As I was gathering some more books to refill the display on doubt and fear, I came across a book I read a few years ago on waiting. I thought I’d review it to see if there was something that might speak into my current circumstances.
What I want to share with you are some of the highlights of that book that I’m mulling over and living out.
Waiting is not the same as complacency. A. W. Tozer said, “complacency is a ‘self-satisfaction accompanied by unawareness of actual dangers or deficiencies.” Waiting is an active process. A lot is going on, but this work can take a long time and much of the work is happening in our innermost being and so it might be some time off in the future before others can see the fruit of waiting.
Waiting provokes wrestling, which is to ‘engage in deep thought, consideration, or debate; to strive earnestly as if in a violent or determined struggle’ (pg. 91). Waiting may lead to weeping, or breaking down. ‘The longer we wait, the more aware we become of our powerlessness’ (pg. 117).
‘Waiting often brings us to peaceful acceptance, to willingness. Willingness is not a passive resignation, but active trust. We are willing not only to wait, but to examine our motives, to confess our sin, to step out in obedience, and to surrender our rights, in confidence” (pg. 129).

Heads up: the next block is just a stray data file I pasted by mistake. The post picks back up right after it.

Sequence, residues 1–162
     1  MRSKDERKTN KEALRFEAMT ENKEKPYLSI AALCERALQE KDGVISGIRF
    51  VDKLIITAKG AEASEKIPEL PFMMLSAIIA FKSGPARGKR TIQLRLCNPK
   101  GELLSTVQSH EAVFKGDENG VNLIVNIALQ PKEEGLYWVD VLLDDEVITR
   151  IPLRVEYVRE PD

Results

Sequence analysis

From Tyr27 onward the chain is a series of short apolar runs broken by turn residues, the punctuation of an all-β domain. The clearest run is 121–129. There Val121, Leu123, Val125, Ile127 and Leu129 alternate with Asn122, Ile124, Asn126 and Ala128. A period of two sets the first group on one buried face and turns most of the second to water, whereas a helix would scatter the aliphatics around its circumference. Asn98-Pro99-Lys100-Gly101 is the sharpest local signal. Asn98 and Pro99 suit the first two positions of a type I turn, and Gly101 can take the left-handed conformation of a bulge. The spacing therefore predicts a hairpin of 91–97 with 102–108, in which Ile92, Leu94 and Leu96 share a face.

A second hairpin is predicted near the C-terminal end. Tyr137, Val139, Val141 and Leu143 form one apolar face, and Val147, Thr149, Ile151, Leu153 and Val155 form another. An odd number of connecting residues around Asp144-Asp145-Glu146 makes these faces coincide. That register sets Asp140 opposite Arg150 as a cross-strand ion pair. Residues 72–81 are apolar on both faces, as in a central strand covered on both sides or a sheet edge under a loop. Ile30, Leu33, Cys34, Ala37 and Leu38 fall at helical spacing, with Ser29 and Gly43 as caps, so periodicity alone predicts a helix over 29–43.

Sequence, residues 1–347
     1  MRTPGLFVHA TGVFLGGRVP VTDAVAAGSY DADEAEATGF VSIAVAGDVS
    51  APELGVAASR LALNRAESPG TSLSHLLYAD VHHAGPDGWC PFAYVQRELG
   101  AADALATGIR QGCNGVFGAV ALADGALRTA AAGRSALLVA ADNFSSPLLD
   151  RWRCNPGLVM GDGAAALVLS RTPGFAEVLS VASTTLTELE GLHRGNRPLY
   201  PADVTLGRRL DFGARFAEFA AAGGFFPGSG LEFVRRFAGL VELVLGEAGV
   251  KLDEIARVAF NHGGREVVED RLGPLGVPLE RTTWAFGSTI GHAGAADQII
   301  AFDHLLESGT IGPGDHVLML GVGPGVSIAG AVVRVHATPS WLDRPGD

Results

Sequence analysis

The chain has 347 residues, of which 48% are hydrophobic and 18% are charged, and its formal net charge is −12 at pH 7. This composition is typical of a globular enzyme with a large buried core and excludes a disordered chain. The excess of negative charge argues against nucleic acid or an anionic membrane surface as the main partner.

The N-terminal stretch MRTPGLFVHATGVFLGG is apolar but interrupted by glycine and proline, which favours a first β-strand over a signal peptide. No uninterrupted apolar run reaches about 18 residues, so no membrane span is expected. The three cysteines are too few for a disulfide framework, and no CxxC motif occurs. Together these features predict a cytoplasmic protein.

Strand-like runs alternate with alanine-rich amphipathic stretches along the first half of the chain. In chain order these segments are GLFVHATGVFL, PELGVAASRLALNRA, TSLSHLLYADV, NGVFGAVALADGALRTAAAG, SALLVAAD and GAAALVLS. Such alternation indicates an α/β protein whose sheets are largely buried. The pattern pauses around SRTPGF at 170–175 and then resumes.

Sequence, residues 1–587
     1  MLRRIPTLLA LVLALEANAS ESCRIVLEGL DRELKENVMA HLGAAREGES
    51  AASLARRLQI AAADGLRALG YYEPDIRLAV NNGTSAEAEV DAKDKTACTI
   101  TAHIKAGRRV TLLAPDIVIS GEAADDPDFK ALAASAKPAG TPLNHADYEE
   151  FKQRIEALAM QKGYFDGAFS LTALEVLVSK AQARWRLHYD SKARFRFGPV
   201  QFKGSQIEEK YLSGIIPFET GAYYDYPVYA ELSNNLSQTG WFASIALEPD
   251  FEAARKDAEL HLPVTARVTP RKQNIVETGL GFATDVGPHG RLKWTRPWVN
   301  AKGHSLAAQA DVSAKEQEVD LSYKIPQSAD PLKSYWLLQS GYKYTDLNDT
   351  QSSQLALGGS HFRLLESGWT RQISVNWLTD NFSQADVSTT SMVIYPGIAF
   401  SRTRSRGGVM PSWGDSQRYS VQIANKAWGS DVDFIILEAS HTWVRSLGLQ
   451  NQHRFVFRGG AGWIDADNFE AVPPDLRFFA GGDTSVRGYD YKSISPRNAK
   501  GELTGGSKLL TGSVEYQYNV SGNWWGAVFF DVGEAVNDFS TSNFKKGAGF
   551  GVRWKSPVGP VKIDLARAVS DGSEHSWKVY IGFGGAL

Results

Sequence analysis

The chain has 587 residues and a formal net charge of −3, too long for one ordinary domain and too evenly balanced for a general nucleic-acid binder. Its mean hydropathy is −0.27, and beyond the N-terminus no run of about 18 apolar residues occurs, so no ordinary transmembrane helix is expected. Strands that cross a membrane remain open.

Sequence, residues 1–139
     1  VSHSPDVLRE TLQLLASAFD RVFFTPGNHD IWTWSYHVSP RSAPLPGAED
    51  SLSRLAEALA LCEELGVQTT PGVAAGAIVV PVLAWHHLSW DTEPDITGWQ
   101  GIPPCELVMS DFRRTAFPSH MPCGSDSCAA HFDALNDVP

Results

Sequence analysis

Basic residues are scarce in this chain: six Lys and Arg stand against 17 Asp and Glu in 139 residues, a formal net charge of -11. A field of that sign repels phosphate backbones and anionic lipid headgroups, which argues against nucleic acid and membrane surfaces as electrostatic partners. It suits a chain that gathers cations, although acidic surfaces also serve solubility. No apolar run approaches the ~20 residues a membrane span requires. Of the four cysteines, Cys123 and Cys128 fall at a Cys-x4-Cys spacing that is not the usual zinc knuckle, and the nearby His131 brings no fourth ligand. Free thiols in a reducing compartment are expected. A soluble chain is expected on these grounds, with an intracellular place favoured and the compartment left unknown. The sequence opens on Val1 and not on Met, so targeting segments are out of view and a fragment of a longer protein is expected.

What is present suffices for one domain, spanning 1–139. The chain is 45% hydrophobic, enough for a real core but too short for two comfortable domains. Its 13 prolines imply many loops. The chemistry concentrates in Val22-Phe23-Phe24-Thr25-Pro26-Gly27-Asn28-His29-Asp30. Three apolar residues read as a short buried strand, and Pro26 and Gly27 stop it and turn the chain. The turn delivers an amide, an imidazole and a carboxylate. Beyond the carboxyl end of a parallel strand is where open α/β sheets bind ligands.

Sometimes willingness to slow down, listen to God, and obey Him happens after a period of wondering where God is and what He’s doing. Otherwise, we might have just carried along, full steam ahead, towards some plan that looked good to us. There is something in me that groans deeply when I sense God’s wait sign going up. I’d rather just hear no and rush headlong into something else than to hang on ‘wait.’
“Waiting sharpens desire. In fact it helps us to recognize where our real desires lie. It separates our passing enthusiasms from our true longings. It reveals to us both our shallowness and our depths. Waiting is a test of our love and longing” (pg. 134).
Perhaps I appreciated that quote most in my own experience of waiting because I’ve pondered how the Lord is purifying the things I thought I wanted and reshaping them again. I can’t see what it looks like, but I can feel the refiner’s fire and the pain that comes from the straightening of crooked places and filing of jagged edges.
Waiting is a choice to obey that we have to keep making day after day. The alternative is to walk away and pursue something else. Even in Christian circles, I find that this is often encouraged…to simply get on with it, rather than to stay the course and endure whatever it is that God has in store for those who will heed the call to wait.
In my own season of waiting, I’m trying to trust that waiting allows me the opportunity to know God in a way that I’ve not known Him before and maybe didn’t even desire to know Him until the going got tough enough.
Here are a few of the passages that were referenced in the book: